2. Geoff Wadsley says:

    li coulld be said that the journey she was refering to was the after death journey, Anne appeared to beshe could have been a yorkshire person very prargmatic and calledd a spade a spade, knowing full well she was about to be excecuted l do not think she was occupying he last hours on earth with fansifull ideas of a going to a convent, and in her case that would be the last thing should want !!

    1. Claire says:

      But she told Kingston that she was in hope of life and spoke of going to a nunnery, she didn’t just say that she was going on a journey.

  3. Jennifer says:

    Henry was an evil man. I have often tried to put myself in Anne’s shoes, but it is too horrific. The not-knowing, the hope given and then cruelly ripped away, the terror of knowing your child is going to grow up not only motherless but bastardized, the death itself. She was far braver than I!

  4. Kate Rodgers says:

    Perhaps it was simply a tragic case of wishful thinking. Anne, living in slim hope that the King still felt enough for her that he didn’t want to see her die. I think she lived in this hope right until the last moment as she was looking over her shoulder for a last minute reprive as she was lead to the scaffold. Perhaps in some kind of denial – quite understandable.

    1. Conor Byrne says:

      If Anne was innocent, as most historians agree, then it is completely understandable why she might have been in denial until the very end. If you are accused of the most appalling crimes, and you know yourself to be innocent, the prospect of being publicly butchered must have been terrifying. What were Anne and the men guilty of? At the most, reckless speech. That in itself, however, was enough in view of the treason legislation. Even thinking something against the king was treason – Henry wanted to know everything his subjects thought about him.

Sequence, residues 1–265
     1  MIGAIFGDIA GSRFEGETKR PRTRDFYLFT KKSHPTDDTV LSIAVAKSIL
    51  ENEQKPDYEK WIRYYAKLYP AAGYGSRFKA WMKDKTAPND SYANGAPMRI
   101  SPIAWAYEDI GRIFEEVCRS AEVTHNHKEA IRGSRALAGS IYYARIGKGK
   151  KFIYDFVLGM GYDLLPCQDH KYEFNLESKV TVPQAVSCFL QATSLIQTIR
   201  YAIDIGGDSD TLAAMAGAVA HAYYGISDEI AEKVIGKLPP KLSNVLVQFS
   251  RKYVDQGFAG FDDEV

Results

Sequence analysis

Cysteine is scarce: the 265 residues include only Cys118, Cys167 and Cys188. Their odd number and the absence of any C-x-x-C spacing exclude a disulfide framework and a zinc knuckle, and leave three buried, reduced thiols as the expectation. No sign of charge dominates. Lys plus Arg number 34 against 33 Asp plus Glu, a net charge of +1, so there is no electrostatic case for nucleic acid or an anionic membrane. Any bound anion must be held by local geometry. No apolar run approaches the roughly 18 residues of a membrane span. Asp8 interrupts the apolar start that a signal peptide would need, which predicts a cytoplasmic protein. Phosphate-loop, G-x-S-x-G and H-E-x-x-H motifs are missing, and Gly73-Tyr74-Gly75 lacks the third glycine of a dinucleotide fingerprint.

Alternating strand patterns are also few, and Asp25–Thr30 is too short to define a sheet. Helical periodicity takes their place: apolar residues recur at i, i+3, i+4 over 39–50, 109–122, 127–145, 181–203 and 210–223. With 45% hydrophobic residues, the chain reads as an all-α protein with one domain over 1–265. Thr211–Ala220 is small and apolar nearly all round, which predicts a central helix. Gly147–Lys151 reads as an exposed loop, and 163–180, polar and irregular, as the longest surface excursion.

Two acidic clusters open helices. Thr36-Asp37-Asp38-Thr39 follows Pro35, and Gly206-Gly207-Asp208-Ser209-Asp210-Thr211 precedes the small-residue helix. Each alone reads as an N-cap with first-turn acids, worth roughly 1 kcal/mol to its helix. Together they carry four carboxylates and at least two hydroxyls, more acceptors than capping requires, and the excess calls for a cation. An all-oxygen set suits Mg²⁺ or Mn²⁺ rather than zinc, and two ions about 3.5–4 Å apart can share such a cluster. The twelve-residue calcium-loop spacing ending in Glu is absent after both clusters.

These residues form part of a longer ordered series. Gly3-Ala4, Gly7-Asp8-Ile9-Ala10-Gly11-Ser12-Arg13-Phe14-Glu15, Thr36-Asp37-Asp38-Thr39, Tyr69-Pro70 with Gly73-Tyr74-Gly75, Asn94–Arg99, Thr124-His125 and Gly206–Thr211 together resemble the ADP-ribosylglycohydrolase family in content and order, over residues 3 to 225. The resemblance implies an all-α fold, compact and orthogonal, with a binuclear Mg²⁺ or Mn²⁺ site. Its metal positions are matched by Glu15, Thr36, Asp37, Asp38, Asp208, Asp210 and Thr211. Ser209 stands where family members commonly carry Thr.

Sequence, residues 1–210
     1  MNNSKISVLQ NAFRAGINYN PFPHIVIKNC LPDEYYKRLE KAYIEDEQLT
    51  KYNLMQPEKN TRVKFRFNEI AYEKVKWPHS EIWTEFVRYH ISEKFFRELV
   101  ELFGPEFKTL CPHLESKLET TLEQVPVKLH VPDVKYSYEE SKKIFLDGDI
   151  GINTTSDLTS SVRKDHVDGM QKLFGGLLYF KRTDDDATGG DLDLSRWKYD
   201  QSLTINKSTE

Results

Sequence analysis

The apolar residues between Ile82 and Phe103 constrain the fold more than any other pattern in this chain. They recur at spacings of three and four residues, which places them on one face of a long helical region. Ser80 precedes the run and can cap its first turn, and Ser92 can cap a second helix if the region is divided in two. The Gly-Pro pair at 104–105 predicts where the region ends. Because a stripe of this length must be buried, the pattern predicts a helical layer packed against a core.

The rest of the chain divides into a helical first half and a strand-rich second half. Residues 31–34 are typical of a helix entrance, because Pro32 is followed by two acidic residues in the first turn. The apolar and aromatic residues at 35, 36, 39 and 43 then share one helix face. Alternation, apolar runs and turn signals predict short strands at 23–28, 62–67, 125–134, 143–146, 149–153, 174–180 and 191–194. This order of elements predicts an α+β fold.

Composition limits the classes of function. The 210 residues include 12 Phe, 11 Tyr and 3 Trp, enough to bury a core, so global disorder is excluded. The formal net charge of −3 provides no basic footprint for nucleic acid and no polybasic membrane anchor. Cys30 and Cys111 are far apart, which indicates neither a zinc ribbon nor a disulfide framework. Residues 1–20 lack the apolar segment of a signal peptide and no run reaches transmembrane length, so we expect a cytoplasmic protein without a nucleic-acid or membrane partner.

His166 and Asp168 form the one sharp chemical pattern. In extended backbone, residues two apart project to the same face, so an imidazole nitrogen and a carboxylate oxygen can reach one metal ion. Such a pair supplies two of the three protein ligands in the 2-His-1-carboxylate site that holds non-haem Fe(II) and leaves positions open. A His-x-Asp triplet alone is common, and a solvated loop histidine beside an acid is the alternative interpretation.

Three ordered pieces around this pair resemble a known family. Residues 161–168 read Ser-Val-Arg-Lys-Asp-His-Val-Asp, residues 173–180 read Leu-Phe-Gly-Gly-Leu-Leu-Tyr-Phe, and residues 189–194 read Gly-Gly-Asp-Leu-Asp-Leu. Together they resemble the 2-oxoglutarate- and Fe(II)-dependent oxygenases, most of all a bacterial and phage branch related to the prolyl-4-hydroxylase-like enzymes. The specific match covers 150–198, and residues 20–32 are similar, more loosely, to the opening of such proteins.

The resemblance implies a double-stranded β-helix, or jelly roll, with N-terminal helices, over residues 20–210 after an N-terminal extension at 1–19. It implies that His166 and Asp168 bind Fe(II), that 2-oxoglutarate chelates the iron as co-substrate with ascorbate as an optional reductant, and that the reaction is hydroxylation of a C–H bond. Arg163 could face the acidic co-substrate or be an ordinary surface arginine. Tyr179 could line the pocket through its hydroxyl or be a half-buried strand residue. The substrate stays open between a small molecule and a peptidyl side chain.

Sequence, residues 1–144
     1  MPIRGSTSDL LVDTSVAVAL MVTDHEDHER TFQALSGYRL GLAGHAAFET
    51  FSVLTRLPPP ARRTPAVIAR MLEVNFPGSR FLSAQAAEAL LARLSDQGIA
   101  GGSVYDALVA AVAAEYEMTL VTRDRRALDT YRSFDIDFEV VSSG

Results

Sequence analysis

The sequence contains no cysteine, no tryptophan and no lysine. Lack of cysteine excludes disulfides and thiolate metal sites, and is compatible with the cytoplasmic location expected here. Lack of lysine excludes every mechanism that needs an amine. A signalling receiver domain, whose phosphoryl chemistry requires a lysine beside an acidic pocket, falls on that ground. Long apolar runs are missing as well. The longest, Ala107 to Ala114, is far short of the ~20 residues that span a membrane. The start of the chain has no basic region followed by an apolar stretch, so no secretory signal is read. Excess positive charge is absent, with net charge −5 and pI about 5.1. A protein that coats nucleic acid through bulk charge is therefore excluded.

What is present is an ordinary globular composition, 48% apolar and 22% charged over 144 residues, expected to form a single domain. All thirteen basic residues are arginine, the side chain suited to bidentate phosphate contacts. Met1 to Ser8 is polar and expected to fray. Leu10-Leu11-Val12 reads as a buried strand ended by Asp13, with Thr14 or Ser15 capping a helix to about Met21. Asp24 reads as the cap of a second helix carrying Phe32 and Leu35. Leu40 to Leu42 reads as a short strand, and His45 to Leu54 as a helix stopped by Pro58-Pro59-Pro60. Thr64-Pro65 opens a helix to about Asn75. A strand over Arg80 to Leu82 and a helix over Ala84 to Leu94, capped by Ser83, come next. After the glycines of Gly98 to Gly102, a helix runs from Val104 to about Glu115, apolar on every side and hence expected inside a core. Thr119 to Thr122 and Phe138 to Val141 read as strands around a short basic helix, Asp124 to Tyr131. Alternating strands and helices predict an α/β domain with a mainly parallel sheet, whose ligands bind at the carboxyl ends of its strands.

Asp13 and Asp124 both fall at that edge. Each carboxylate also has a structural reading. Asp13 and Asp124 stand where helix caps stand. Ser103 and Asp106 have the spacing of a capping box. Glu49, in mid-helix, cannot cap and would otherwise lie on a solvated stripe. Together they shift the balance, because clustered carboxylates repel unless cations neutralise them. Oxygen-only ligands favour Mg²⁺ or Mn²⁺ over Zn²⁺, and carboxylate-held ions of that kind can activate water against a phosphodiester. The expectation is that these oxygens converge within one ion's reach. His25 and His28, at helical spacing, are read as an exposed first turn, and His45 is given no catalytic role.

At this point, I’m not sure Anne was thinking of her daughter, or even her own future; I think she very probably was desperate to avoid the horrific fate of being burned at the stake. We may know today that Henry had ordered the executioner well in advance of her trial, but Anne herself did not know that, if she was to be executed, it would be with the sword rather than at the stake. Burning at the stake was an accepted form of punishment in sixteenth-century England, but even so, the thought of being incinerated must have been horrific.

      1. Christine says: